As a witness
Sermon preached at Enmore, 3rd Sunday of Advent, 17th. December 2017
Readings: Isaiah 61. 1–4, 8–11; 1 Thessalonians 5.12–28; John 1.6–8; 19–28
Last week we had a taste of Mark’s Gospel, reading the opening verses and being introduced to John the Baptist. This Sunday the lectionary gives us some of the prologue to John’s Gospel and we read John’s account of the ministry of John the Baptist. The two John’s are rather different. Mark’s John wears camel hair, eats locusts and wild honey and is known as the baptiser. John the Evangelist introduces him simply as a man sent from God who came as a witness to the light. His primary role is not as a baptiser but to be the one who testifies to the light coming into the world.
Witness is a word that John is rather fond of and most often he uses it of the witness or testimony given to the person of Jesus. John uses the noun ‘witness’ 14 times and the verb ‘to witness’ 33 times- far more than any other New Testament writer. In the fourth Gospel, John is the first to bear witness to Jesus. Later in the Gospel there will be other witnesses to Jesus: the Scriptures, God, Jesus’ own works, and his disciples. In chapter 5 in conversation with his critics after healing a man on the Sabbath day Jesus declares: “I have a testimony greater than John’s. The works that the Father has given me to complete, the very works that I am doing, testify on my behalf that the Father has sent me.”
In the Christian world in which I grew up people talked a lot about ‘witnessing’. It was the term used for sharing your faith with others and therefore a word which, in my view, had scary connotations. Witnessing was something we were meant to do but most of us found difficult. These days the word is out of fashion but it is a good Biblical word and one that we probably need to reflect on. In Acts 1, Luke gives us Jesus’ farewell speech to his disciples before his ascension which include the words, “you will receive power when the Holy Spirit has come upon you and you will be my witnesses in Jerusalem, in all Judea, and Samaria and to the ends of the earth.”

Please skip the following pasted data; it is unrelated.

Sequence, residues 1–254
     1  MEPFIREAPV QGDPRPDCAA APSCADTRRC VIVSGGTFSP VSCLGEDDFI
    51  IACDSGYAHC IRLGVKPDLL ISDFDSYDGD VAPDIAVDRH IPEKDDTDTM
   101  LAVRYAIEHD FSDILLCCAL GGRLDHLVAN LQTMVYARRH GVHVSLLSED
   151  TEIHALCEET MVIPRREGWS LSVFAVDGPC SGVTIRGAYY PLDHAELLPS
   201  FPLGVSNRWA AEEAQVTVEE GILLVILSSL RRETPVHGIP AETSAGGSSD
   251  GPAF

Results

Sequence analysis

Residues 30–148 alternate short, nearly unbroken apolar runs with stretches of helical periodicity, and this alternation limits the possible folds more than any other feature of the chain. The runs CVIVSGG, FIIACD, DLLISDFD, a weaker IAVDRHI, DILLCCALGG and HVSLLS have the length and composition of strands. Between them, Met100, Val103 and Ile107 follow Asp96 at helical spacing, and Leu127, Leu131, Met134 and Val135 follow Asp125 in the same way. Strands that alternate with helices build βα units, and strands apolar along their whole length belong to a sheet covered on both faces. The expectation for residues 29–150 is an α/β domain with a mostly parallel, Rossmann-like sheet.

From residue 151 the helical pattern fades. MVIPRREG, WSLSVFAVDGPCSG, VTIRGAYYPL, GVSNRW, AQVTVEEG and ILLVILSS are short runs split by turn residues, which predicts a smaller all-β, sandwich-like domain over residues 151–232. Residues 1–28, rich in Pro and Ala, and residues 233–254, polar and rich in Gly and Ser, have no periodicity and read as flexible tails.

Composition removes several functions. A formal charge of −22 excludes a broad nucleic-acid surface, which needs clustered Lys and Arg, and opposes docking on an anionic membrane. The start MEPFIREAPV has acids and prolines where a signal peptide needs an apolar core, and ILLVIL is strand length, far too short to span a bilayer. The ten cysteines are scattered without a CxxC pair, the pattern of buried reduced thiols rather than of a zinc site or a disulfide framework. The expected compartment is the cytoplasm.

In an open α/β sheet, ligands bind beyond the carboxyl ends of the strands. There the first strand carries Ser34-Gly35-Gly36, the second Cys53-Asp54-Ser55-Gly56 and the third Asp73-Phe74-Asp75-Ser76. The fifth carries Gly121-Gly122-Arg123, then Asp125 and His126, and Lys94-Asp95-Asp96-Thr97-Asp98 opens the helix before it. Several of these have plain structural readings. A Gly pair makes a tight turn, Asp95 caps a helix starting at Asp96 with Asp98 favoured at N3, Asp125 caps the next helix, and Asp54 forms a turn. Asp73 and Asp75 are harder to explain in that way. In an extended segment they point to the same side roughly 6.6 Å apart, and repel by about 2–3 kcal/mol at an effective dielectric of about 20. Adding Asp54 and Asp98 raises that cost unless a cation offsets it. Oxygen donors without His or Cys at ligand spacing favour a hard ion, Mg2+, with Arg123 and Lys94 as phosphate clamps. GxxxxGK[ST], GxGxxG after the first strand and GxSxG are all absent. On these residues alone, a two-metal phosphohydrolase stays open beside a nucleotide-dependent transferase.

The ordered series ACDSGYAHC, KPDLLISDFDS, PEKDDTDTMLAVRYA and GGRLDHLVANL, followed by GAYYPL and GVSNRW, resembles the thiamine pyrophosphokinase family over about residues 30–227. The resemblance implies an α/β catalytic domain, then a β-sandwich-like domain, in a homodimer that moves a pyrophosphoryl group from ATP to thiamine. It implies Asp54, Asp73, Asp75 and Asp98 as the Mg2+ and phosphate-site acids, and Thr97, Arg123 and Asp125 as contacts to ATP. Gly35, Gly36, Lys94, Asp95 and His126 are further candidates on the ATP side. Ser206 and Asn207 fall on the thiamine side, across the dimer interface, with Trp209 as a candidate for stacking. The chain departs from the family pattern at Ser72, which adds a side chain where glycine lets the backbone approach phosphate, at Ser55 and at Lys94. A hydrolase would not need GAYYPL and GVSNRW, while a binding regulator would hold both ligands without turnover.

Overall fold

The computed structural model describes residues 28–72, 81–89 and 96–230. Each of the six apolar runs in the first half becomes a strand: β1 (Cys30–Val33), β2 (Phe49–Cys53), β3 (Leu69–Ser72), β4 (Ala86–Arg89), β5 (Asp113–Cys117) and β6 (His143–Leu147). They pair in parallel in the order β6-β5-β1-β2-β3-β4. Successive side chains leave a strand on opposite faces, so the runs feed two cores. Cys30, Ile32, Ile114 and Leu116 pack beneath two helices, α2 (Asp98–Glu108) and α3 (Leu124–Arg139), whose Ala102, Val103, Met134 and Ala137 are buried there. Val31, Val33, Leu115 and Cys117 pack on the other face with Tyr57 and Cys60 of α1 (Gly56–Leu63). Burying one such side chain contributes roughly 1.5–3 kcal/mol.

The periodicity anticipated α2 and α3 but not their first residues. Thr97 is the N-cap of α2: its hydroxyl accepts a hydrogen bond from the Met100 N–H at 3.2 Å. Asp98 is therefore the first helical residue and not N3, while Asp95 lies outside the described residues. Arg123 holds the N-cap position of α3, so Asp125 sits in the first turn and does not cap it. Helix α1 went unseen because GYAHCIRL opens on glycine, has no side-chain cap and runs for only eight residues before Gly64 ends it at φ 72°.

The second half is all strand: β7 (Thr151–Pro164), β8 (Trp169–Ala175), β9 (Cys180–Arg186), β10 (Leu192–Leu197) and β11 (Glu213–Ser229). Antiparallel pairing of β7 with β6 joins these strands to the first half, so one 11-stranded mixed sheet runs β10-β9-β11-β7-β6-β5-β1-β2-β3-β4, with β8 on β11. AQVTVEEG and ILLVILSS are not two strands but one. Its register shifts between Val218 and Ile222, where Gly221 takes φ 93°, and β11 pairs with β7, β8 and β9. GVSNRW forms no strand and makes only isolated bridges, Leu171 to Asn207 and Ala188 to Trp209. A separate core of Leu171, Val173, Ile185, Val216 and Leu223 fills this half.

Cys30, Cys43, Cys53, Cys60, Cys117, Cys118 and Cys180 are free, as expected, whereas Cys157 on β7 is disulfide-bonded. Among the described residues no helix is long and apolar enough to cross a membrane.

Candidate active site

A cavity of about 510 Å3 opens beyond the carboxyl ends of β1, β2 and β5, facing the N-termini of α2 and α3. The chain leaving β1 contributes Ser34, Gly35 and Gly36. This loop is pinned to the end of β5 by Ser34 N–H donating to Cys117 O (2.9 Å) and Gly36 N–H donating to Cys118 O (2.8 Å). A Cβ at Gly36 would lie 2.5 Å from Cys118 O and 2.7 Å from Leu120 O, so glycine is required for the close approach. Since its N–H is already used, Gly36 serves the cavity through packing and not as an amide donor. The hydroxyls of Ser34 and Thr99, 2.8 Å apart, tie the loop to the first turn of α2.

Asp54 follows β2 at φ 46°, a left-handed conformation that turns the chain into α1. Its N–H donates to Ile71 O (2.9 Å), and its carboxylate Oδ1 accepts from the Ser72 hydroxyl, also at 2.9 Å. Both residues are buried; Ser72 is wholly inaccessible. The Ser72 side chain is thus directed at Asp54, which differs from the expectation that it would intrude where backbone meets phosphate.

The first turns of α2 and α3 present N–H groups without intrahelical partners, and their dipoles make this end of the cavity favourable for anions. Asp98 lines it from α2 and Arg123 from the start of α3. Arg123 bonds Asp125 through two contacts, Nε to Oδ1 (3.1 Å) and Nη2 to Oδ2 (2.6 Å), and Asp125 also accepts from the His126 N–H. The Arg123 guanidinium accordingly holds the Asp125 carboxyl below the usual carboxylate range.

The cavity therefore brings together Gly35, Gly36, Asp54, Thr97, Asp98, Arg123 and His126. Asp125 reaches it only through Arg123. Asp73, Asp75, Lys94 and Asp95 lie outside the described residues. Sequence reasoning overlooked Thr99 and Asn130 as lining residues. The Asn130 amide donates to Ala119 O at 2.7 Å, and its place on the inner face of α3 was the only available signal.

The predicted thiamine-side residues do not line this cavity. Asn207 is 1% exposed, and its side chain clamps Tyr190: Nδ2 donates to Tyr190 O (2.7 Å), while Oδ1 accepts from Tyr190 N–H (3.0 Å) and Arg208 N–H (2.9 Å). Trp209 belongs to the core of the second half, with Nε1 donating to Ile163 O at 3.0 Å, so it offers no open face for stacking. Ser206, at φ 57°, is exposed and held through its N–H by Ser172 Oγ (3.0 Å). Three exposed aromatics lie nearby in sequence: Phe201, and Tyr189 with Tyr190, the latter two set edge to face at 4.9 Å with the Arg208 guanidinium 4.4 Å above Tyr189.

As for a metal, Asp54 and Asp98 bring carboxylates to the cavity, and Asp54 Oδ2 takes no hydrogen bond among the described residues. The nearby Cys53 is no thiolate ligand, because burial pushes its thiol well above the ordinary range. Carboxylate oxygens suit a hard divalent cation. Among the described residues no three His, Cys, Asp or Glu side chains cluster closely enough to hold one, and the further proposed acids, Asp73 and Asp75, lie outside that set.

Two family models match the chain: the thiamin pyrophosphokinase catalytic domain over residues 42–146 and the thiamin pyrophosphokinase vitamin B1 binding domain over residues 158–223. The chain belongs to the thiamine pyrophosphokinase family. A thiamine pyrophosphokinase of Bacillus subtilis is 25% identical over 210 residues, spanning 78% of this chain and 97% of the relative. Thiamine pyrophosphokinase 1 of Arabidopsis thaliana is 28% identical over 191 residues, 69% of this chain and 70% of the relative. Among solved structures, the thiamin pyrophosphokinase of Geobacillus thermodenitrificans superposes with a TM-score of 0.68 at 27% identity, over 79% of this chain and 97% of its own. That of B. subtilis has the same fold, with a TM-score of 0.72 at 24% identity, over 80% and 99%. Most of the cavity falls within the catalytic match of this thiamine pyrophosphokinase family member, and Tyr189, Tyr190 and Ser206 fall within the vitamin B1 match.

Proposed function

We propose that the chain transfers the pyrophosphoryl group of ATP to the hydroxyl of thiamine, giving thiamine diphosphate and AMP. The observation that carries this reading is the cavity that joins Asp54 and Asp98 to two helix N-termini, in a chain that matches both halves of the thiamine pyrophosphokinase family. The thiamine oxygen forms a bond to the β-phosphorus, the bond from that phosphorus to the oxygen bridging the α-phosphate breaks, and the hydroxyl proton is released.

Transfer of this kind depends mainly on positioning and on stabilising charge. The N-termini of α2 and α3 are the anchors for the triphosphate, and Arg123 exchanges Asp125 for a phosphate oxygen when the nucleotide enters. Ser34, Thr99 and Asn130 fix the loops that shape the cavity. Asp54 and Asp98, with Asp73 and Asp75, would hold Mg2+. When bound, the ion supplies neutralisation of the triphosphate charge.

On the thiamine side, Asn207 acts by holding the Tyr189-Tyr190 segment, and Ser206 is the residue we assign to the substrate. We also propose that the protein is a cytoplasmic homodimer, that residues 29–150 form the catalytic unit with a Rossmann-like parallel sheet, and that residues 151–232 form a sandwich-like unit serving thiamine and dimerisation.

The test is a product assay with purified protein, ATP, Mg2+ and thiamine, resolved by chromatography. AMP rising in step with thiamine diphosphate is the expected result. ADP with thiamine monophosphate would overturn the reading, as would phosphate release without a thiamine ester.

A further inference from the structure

So what does it mean to bear witness? The first thing to note is that the task of a witness is not to draw attention to themselves. When John is first introduced to us in John 1 the Evangelist makes it clear that John was not the light but only a witness to the light. John understood that very clearly. When the religious authorities came to question him about his identity he was unshakeable in his conviction of who he was not. Three times he is asked who he is. In reply he declares “I am not the Christ.” “I am not Elijah.” “I am not the prophet.” John denied that he was the anointed one, the Messiah and denied that he was Elijah reborn. There was a widespread belief based on a prophecy in Malachi that Elijah would return before the “great and dreadful day of the Lord.” Jesus actually said on one occasion (Matt.11.14) that the coming of John the Baptist fulfilled that prophecy but John would not claim that title for himself. Nor would John accept that he was the great prophet spoken of in Deuteronomy 18 who would be like Moses. In the face of John’s denials, the religious leaders ask in exasperation, “What do you say about yourself?” John claims no title except the “voice of one crying in the wilderness, ‘Make straight the way of the Lord’.” In John’s Gospel, Jesus is the great ‘I am’. “I am the bread of life.” “I am the light of the world.” “I am good shepherd.” “I am the resurrection and the life.” “I am the way, the truth and the life.” “I am the true vine.” In stark contrast, John is the great, “I am not.”
Yet, even in his resolute statements about who he is not, who John really is and his purpose are inseparable from the Word made flesh, the one who is the true light. John’s identity is bound up with the identity of Jesus. As I mentioned last week John the Baptist is a familiar figure in religious art through the ages and he keeps popping up even when least expected. So a number of great paintings of the crucifixion have John the Baptist at one side pointing to Jesus, the Lamb of God who takes away the sin of the world. Can we locate our identity as closely with Jesus? Is the ground of our being that we are loved and known by God? Is our self- regard based on what we have achieved or what we possess or is it grounded in the knowledge that we are loved by the God revealed in Jesus.